We first encounter Amanda Palmer at a local bar. She's scrunched up quietly in a corner. Loud music and revelry swirl around her stool, where she's intently perched, facing the wall—pen in her hand, draft beer at her side. If anyone else in here recognizes the celebrated solo artist and front woman of the Dresden Dolls, they're letting her be. And that's fine. She's not here to sign autographs, or to party. Instead, the manuscript of her new book, The Art of Asking (Grand Central Publishing), designed to "inspire readers to rethink their own ideas about asking, giving, art, and love," lies spread open before her. Palmer, engrossed in its pages, is here to edit the thing. For a music editor used to the tomb-like solitude of his hermetically sealed garret, the thought of attempting to work within the eye of such a Koyaanisqatsi-esque hurricane brings vertigo and nausea.
"Oh, I've always written in bars and cafès," Palmer says casually a few weeks later. "I work well around the energy of people."
Whatever environments Palmer chooses in which to create her art, which includes not only includes her music and other books but also numerous theatrical productions and performance art projects, they've clearly been conducive. One of today's most thought-provoking indie icons, Palmer regularly headlines theater-scale venues around the world and is the recipient of racks of awards. Her fervent fan base can't get enough of the singer-songwriter's provocative aesthetic and edgy brand of punk cabaret, a phenomenon borne out by the 2012 Kickstarter campaign for her sophomore album Theatre Is Evil (8ft. Records), which netted nearly $1.2 million—the most money ever generated for a single music-album project via the popular crowd-funding website.
But perhaps Palmer's greatest art is how she's helping redefine the concept of how to truly be an independent musician. Instead of relying on the rapidly eroding traditional music industry or futilely fighting file sharing, she's encouraging fans to take her music for free online—with the proviso that they contribute what they can out of goodwill. For Palmer it's merely a grand-scale evolution from her beginnings as a street performer and the DIY world in which she's long operated. "The media asked, 'Amanda, the music business is tanking and you encourage piracy! How do you get all these people to pay for music,?" she says in a video of her talk at a 2013 TED Conference. "The real answer is: "I didn't make them, I asked them.' Through the very act of asking, I connected with people. And when you connect with them, people want to help you."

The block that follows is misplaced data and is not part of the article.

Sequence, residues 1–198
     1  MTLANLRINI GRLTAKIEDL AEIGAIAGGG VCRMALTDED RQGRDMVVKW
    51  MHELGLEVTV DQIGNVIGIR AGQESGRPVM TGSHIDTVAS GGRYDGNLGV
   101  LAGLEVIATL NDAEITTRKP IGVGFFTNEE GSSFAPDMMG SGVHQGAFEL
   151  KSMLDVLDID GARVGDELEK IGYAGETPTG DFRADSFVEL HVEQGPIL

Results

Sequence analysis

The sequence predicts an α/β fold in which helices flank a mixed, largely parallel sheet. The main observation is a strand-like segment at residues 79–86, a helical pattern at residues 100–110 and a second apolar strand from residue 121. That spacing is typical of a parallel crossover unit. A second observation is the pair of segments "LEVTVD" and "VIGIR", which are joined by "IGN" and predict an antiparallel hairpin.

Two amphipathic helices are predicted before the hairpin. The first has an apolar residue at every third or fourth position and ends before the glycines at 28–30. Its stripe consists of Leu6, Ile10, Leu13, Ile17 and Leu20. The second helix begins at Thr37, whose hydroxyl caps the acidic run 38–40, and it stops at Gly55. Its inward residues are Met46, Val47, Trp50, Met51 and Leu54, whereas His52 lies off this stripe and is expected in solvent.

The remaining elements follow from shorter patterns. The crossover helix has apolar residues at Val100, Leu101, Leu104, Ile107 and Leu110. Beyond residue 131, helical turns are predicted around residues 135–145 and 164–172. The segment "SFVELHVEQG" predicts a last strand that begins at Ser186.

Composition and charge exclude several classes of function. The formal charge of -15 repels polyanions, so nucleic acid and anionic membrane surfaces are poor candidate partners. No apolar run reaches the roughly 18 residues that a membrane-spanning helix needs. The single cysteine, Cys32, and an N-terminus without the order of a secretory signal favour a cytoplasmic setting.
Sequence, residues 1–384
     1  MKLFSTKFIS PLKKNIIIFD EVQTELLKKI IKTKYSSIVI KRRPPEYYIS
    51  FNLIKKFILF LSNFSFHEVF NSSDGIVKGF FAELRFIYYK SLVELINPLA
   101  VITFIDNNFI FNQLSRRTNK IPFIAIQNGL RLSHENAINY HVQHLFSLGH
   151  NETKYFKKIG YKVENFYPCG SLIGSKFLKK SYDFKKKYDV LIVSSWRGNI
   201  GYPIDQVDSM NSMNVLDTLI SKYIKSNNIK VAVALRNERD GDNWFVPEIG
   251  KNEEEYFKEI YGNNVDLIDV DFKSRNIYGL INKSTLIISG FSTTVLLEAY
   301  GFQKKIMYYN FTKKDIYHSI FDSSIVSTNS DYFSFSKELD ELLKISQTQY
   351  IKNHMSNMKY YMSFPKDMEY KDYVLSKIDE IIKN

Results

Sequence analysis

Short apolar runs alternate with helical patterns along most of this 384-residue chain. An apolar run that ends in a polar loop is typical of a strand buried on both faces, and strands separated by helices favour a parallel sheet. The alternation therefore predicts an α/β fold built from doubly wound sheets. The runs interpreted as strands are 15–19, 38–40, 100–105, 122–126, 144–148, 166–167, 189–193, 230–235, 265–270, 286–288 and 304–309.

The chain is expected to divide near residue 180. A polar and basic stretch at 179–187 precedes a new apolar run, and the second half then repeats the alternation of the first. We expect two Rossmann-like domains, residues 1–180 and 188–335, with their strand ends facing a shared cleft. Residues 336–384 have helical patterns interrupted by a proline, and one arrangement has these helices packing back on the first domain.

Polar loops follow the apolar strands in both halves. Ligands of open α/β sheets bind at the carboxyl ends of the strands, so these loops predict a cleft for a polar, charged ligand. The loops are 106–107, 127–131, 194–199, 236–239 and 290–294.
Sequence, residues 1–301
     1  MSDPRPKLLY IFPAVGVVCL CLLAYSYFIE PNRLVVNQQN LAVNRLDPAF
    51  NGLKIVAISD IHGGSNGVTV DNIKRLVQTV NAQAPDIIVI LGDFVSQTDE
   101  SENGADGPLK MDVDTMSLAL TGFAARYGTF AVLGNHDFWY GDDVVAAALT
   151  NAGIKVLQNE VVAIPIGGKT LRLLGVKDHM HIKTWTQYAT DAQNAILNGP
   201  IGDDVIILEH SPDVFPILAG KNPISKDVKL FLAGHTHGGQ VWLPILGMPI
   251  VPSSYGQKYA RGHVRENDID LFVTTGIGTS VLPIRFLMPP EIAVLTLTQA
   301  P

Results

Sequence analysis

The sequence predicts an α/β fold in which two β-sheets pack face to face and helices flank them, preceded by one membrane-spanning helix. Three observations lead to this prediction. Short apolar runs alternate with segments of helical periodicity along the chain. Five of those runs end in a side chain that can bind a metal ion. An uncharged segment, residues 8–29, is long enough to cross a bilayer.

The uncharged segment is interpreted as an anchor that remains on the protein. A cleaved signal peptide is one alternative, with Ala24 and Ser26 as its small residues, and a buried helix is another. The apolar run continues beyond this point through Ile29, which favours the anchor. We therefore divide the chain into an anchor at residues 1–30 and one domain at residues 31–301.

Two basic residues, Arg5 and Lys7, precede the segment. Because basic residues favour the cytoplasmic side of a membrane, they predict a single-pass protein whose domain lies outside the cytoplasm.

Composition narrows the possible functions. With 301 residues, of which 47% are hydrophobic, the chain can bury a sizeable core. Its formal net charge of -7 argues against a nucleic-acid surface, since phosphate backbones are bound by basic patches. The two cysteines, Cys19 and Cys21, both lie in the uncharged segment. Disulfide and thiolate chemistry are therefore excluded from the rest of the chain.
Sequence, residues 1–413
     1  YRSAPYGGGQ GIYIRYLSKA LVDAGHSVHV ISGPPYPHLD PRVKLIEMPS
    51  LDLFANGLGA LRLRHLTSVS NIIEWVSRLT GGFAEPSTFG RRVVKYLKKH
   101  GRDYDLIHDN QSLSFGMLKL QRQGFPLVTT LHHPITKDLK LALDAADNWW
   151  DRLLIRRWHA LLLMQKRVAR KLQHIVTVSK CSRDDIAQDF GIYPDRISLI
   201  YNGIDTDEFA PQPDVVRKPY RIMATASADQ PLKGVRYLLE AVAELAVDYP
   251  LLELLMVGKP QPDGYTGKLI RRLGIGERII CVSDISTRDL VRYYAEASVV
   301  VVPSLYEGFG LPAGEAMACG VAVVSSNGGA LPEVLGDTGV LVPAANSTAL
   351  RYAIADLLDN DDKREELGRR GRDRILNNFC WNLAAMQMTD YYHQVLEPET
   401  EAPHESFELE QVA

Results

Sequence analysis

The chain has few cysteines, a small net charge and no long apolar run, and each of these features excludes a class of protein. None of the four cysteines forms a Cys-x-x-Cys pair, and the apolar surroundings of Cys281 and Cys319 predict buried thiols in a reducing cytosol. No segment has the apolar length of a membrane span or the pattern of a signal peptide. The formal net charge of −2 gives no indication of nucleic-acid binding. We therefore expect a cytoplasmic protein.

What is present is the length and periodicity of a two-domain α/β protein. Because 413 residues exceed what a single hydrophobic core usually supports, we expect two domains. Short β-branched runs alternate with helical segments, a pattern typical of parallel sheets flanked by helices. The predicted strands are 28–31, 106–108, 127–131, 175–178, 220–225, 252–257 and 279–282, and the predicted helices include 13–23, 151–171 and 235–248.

Palmer grew up in the Birthplace of American Liberty: the Boston suburb of Lexington, Massachusetts. "I knew I'd be a performer when I was still in the womb," she jokes. "I've just always loved performing, and music." Both of her parents are lovers of the stage who took her to local musicals and encouraged her to take part in community theater. But she credits her mother with nurturing her musical obsession. "I remember being five or six and wearing headphones, listening to my mom's records," says Palmer. "The Beach Boys, the Doors, and especially the Beatles—I was always more Beatles than Stones." Piano, which she learned to play by ear, arrived earlier. "We had [a piano] in the house," the keyboardist recalls. "It was this magic machine, you pushed the buttons and music came out." The real magic, however, came in high school, where she joined the drama department and met her mentor, the teacher Steven Bogart.
"Before that I'd only ever done 'safe' community theater, and Steven was uninterested in that stuff," Palmer explains. "In his class, we were given permission to really explore and create. He only wanted to do real work, not bullshit. There were no productions of 'Our Town.'" Palmer later enrolled at Connecticut's Wesleyan University, where she felt alienated by the college's traditional theater program and "did my own thing, some one-woman shows." After graduating in 1998, she started the Shadowbox Collective, an experimental theater troupe that appeared at Boston's alternative venues, and began performing as the Eight Foot Bride, a miming character in white pancake makeup and a wedding dress who stood atop a milk crate in Cambridge Square handing out daisies and longing looks to donating passersby. The Bride had a five-year run and was a pivotal role, in more ways than one, for the developing musician-actor. "People would yell at me from their passing cars, 'Get a job!' and I'd be, like, 'This is my job,'" she recounts. "It made me fear that I was somehow doing something 'unjoblike,' shameful. I had no idea how perfect an education I was getting for the music industry [while standing] on top of this box."